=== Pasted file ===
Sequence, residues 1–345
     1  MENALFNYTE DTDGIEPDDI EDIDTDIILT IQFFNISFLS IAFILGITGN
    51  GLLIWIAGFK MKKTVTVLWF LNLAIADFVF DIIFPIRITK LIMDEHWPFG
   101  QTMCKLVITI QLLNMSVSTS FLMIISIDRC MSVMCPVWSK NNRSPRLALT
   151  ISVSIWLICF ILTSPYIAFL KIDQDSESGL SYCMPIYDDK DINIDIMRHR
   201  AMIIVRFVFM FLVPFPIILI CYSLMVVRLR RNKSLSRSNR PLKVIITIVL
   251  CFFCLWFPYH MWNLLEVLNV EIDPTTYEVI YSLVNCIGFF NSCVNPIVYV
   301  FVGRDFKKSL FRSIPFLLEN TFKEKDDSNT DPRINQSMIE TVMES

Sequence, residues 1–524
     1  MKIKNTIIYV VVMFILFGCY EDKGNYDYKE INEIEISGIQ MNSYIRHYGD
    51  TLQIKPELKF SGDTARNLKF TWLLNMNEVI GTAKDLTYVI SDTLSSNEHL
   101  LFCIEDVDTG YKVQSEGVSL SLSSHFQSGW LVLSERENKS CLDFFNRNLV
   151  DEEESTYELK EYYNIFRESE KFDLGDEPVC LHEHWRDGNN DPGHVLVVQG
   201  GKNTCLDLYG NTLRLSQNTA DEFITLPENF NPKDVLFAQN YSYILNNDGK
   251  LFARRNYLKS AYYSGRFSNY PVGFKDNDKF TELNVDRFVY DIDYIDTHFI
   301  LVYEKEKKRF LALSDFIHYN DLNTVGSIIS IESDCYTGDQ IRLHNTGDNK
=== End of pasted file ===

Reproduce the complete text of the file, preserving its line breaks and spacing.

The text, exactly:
Sequence, residues 1–345
     1  MENALFNYTE DTDGIEPDDI EDIDTDIILT IQFFNISFLS IAFILGITGN
    51  GLLIWIAGFK MKKTVTVLWF LNLAIADFVF DIIFPIRITK LIMDEHWPFG
   101  QTMCKLVITI QLLNMSVSTS FLMIISIDRC MSVMCPVWSK NNRSPRLALT
   151  ISVSIWLICF ILTSPYIAFL KIDQDSESGL SYCMPIYDDK DINIDIMRHR
   201  AMIIVRFVFM FLVPFPIILI CYSLMVVRLR RNKSLSRSNR PLKVIITIVL
   251  CFFCLWFPYH MWNLLEVLNV EIDPTTYEVI YSLVNCIGFF NSCVNPIVYV
   301  FVGRDFKKSL FRSIPFLLEN TFKEKDDSNT DPRINQSMIE TVMES

Sequence, residues 1–524
     1  MKIKNTIIYV VVMFILFGCY EDKGNYDYKE INEIEISGIQ MNSYIRHYGD
    51  TLQIKPELKF SGDTARNLKF TWLLNMNEVI GTAKDLTYVI SDTLSSNEHL
   101  LFCIEDVDTG YKVQSEGVSL SLSSHFQSGW LVLSERENKS CLDFFNRNLV
   151  DEEESTYELK EYYNIFRESE KFDLGDEPVC LHEHWRDGNN DPGHVLVVQG
   201  GKNTCLDLYG NTLRLSQNTA DEFITLPENF NPKDVLFAQN YSYILNNDGK
   251  LFARRNYLKS AYYSGRFSNY PVGFKDNDKF TELNVDRFVY DIDYIDTHFI
   301  LVYEKEKKRF LALSDFIHYN DLNTVGSIIS IESDCYTGDQ IRLHNTGDNK